In 2016/7 (most recent figures) under the Tories the spending is 7.26% which compares with 6.38% a decade earlier and 6.99% in Labours last pre election year.

    Any talk of funding without taking into account the fact that 2010 was not a funded year is completely economically illiterate. So the Tories percentage is properly funded higher than it EVER has been before the Tories regained office. Not just in plain monetary terms but in percentage of GDP too.

    [...]

    Edit: Also worth noting that the Tories are keeping it consistently higher than it ever was before not just spiking it in election years only.
    I'm sorry for using the word "asinine" so often these days but that truly is asinine. Every UK govt. must (roughly speaking) spend more on the NHS than the preceding govt. in order to just maintain the status quo because the numbers and proportions of the elderly and the very old in the UK are increasing, and healthcare is getting more expensive. The graph shows that, under Thatcher, Cameron and May, the Tories have reduced and/or constrained spending on the NHS, in addition to the other harmful changes I listed that you conveniently ignored.

    Yes Labour expenditure spiked at 7.59% (a one off and the only time ever it was higher than under the Tories). However that is rendered moot unless you are completely economically illiterate because that was only funded by a pre election spending splurge that ran the deficit to over 10% of GDP, worse even than Greece. A deficit of £175bn. So any spending that year wasn't funded it was maxed out credit card debt.
    Why, you could've made a killing by just shutting down the NHS during the peak of the global recession! Why didn't Labour do that??

    Perhaps because they recognized that shortsighted short-term austerity has long-term negative consequences.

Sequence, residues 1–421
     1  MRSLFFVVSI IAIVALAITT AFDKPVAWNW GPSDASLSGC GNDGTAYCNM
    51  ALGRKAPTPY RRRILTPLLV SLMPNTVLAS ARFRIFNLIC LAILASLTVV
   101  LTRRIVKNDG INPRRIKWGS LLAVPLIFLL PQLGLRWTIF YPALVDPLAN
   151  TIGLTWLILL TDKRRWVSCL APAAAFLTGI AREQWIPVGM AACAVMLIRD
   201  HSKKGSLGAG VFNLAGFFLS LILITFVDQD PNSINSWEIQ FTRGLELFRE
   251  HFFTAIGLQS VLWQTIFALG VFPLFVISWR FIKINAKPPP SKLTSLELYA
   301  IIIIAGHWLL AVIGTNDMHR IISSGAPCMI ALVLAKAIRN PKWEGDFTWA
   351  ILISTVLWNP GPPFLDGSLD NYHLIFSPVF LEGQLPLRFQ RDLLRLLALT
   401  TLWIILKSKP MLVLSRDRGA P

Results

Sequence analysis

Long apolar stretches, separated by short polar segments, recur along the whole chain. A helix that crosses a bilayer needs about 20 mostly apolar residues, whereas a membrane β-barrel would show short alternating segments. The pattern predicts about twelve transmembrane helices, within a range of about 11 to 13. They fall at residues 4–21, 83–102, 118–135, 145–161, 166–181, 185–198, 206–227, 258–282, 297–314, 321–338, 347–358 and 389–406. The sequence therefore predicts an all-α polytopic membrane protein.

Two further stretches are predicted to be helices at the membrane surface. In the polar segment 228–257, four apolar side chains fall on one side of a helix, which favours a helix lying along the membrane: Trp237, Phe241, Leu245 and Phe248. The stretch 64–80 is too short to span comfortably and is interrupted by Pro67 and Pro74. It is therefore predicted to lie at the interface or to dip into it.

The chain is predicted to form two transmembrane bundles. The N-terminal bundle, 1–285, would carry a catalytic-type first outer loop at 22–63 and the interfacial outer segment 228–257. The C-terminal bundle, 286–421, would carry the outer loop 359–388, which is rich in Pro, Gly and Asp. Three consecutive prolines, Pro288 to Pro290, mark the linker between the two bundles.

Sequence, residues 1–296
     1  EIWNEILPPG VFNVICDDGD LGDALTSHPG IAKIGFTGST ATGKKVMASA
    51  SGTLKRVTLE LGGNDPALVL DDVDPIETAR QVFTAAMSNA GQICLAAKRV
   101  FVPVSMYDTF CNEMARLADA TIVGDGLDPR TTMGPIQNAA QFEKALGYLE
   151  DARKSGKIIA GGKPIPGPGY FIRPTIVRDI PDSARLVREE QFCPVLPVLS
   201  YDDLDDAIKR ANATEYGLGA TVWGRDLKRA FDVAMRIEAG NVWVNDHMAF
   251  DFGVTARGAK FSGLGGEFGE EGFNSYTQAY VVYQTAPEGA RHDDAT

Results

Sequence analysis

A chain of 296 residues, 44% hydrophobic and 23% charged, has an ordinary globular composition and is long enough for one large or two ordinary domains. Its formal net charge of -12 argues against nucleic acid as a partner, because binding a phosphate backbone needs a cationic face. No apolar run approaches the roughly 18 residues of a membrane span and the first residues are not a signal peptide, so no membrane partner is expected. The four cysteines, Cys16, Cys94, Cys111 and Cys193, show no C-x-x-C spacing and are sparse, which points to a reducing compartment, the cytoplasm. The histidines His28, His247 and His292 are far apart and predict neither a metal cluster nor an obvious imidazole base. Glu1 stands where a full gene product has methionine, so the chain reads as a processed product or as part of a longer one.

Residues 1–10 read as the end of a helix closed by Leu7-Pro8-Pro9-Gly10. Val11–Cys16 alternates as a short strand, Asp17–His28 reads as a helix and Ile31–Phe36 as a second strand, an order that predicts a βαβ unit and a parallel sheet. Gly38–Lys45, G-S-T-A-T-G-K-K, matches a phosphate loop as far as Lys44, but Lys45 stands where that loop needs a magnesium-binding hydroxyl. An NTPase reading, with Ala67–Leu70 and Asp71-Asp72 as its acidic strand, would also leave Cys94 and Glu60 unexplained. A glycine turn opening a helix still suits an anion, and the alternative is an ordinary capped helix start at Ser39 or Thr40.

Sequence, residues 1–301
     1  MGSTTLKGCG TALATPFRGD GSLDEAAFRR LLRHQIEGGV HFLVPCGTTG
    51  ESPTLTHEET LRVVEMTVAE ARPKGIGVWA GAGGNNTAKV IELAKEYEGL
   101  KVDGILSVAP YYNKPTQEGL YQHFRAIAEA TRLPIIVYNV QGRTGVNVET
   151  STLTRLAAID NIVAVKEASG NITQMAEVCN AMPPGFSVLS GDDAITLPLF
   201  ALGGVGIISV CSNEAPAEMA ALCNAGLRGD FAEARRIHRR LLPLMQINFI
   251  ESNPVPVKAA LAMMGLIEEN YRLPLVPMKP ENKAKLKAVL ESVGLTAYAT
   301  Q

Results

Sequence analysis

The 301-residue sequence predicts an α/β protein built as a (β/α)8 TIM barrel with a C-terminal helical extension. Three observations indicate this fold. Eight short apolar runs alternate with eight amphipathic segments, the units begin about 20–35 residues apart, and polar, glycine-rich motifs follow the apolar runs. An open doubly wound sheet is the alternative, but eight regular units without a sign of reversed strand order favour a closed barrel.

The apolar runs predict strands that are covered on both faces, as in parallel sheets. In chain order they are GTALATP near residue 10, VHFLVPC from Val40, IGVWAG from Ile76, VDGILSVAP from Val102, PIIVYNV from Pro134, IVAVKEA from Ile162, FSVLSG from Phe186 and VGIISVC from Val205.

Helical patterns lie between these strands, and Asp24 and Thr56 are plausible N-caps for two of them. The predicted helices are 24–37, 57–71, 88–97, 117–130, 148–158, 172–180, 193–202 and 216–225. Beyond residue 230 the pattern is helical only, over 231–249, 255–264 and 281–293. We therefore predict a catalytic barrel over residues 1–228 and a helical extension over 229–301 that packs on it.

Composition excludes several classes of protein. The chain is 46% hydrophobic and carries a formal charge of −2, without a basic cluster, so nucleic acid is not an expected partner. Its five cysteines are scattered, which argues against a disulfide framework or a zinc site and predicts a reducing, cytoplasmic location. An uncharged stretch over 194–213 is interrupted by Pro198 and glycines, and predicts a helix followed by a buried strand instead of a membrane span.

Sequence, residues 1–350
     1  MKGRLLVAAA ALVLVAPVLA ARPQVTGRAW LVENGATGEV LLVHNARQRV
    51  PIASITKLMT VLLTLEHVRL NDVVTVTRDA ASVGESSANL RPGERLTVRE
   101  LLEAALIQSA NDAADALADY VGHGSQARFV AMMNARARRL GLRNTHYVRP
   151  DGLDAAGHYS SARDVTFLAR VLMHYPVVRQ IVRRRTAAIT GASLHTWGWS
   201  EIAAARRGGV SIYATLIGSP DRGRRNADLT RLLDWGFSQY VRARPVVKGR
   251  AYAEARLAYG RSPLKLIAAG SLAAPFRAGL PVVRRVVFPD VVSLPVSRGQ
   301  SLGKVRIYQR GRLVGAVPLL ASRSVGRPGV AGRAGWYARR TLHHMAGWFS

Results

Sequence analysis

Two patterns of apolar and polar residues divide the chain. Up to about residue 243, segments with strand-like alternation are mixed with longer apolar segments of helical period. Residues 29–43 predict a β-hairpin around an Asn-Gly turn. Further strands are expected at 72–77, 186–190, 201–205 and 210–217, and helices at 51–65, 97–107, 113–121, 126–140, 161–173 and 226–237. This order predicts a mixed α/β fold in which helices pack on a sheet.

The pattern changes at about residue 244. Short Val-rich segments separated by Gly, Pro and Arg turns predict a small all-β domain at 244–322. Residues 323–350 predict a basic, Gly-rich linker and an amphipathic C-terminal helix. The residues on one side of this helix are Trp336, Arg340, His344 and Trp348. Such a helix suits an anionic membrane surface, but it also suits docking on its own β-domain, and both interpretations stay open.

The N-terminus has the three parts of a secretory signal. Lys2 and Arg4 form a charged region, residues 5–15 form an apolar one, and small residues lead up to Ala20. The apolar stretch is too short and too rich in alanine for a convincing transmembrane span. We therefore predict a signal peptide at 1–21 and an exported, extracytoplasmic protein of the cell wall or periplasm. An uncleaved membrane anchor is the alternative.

“Humanity's greatest advances are not in its discoveries, but in how those discoveries are applied to reduce inequity.”
    — Bill Gates

  8. #38
    Senior Member RandBlade's Avatar
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    Quote Originally Posted by Aimless View Post
    Do you know why I often tell you read posts properly before replying to them?

    It's because you're an extremely sloppy reader.

    For example, in the post you quoted, I said "aging population". I did not say "growing population". They mean completely different things. One refers to the size of the population, while the other refers to the composition of the population. All other things being equal, a population with a higher proportion of elderly and very old people will have greater healthcare needs than a similarly sized population with a lower proportion of elderly and very old people.
    Actually you didn't simply write that. This is what I was quoting: Again, pointing to "record levels" on various metrics is a stupid way to defend these clowns; the NHS's staffing needs increase with the growing needs of the population ... now unless you think that a growing population has no extra illnesses, births etc then yes the growing needs are reflected on both issues. Both of my daughters were born on days where the local hospital's maternity wards were full - was it the ageing population that caused the maternity wards to be so busy? Or do younger, working-age people tend to be the ones having kids?
    The impact of EU migration has been beneficial to the extent that a greater proportion of non-British EU citizens in the UK are doctors (rough estimate around 3.7 per 1000 compared to 2.8 UK average), and the non-British EU citizens in the UK are overall much younger and healthier, most of them productive tax-paying working age adults.
    Which is why I'm pro-immigration. However immigration is a big part of the "growing needs of the population"
    I'm sorry for using the word "asinine" so often these days but that truly is asinine. Every UK govt. must (roughly speaking) spend more on the NHS than the preceding govt. in order to just maintain the status quo because the numbers and proportions of the elderly and the very old in the UK are increasing, and healthcare is getting more expensive. The graph shows that, under Thatcher, Cameron and May, the Tories have reduced and/or constrained spending on the NHS, in addition to the other harmful changes I listed that you conveniently ignored.